Chapter 13. Migrating Data


Migrating data into Evergreen can be one of the most daunting tasks for an administrator. This chapter will explain some procedures to help to migrate bibliographic records, copies and patrons into the Evergreen system. This chapter requires advanced ILS Administration experience, knowledge of Evergreen data structures, as well as knowledge of how to export data from your current system or access to data export files from your current system.

Table of Contents

Migrating Bibliographic Records
Migrating Bibliographic Records Using the ESI Migration Tools
Adding Copies to Bibliographic Records
Migrating Patron Data
Restoring your Evergreen Database to an Empty State
Exporting Bibliographic Records into MARC files
Importing Authority Records

Migrating Bibliographic Records

One of the most important and challenging tasks is migrating your bibliographic records to a new system. The procedure may be different depending on the system from which you are migrating and the content of the marc records exported from the existing system. The procedures in this section deal with the process once the data from the existing system is exported into marc records. It does not cover exporting data from your existing non-Evergreen system.

Several tools for importing bibliographic records into Evergreen can be found in the Evergreen installation folder (/home/opensrf/Evergreen-ILS- ) and are also available from the Evergreen repository (

Converting MARC records to Evergreen BRE JSON format

If you are starting with MARC records from your existing system or another source, use the script to create the JSON representation of a bibliographic record entry (hence bre) in Evergreen. can perform the following functions:

  • Converts MARC-8 encoded records to UTF-8 encoding

  • Converts MARC21 to MARCXML21

  • Select the unique record number field (common choices are '035' or '001'; check your records as you might be surprised how a supposedly unique field actually has duplicates, though will select a unique identifier for subsequent duplicates)

  • Extracts certain pertinent fields for indexing and display purposes (along with the complete MARCXML21 record)

  • Sets the ID number of the first record from this batch to be imported into the biblio.record_entry table (hint - run the following SQL to determine what this number should be to avoid conflicts:

    psql -U postgres evergreen
     # SELECT MAX(id)+1 FROM biblio.record_entry;
  • If you are processing multiple sets of MARC records with before loading the records into the database, you will need to keep track of the starting ID number for each subsequent batch of records that you are importing. For example, if you are processing three files of MARC records with 10000 records each into a clean database, you would use –startid 1, –startid 10001, and –startid 20001 parameters for each respective file.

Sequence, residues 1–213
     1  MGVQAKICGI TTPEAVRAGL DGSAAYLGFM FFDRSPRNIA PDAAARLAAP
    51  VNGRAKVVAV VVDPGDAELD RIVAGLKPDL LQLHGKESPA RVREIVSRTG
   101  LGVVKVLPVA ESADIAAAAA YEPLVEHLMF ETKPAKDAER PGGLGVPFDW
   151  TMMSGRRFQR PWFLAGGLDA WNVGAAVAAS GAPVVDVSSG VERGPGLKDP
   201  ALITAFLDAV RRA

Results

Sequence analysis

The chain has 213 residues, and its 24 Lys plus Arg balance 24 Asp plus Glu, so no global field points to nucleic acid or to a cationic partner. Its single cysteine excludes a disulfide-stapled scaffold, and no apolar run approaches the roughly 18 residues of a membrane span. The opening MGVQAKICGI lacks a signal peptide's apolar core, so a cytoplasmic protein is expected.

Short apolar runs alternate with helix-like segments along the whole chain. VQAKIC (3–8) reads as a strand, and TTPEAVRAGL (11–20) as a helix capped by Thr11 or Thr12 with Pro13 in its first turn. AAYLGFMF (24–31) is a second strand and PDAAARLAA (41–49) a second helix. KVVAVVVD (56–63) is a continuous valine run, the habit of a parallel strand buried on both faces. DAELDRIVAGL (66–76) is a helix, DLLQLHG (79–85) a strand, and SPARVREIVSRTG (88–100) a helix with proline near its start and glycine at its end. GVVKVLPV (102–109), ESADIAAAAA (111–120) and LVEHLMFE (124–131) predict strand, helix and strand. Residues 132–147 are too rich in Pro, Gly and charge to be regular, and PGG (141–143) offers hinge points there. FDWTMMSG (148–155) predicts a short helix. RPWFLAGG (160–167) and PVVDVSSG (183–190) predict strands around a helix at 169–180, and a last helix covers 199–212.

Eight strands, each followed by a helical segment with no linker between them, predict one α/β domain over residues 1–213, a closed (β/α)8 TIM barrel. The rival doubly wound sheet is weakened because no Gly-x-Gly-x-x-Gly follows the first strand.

• Ignore trash fields that you do not want to retain in Evergreen

  • If you use to convert your MARC records from the MARC-8 encoding to the UTF-8 encoding, it relies on the MARC::Charset Perl module to complete the conversion. When importing a large set of items, you can speed up the process by using a utility like marc4j or marcdumper to convert the records to MARC21XML and UTF-8 before running them through with the –marctype=XML flag to tell that the records are already in MARC21XML format with the UTF-8 encoding. If you take this approach, due to a current limitation of MARC::File::XML you have to do a horrible thing and ensure that there are no namespace prefixes in front of the element names. cannot parse the following example:

    <?xml version="1.0" encoding="UTF-8" ?>
    <marc:collection xmlns:marc="" 
        <marc:leader>00677nam a2200193 a 4500</marc:leader>
        <marc:controlfield tag="001">H01-0000844</marc:controlfield>
        <marc:controlfield tag="007">t </marc:controlfield>
        <marc:controlfield tag="008">060420s1950    xx            000 u fre d</marc:controlfield>
        <marc:datafield tag="040" ind1=" " ind2=" ">
          <marc:subfield code="a">CaOHCU</marc:subfield>
          <marc:subfield code="b">fre</marc:subfield>

    But can parse the same example with the namespace prefixes removed:

    <?xml version="1.0" encoding="UTF-8" ?>
    <collection xmlns:marc="" 
        <leader>00677nam a2200193 a 4500</leader>
        <controlfield tag="001">H01-0000844</controlfield>
        <controlfield tag="007">t </controlfield>
        <controlfield tag="008">060420s1950    xx            000 u fre d</controlfield>
        <datafield tag="040" ind1=" " ind2=" ">
          <subfield code="a">CaOHCU</subfield>
          <subfield code="b">fre</subfield>

Converting Records for Import into PostgreSQL

Once you have your records in Open-ILS JSON ingest format, you then need to use to convert these records into a set of SQL statements that you can use to load the records into PostgreSQL. The –order and –autoprimary command line options (bre, mrd, mfr, etc) map to class IDs defined in /openils/conf/fm_IDL.xml.

Adding Metarecords to the Database

One you have loaded the records into PostgreSQL, you can create metarecord entries in the metabib.metarecord table by running the following SQL:

psql evergreen
# \i /home/opensrf/Evergreen-ILS-1.6*/src/extras/import/quick_metarecord_map.sql

Metarecords are required to place holds on items, among other actions.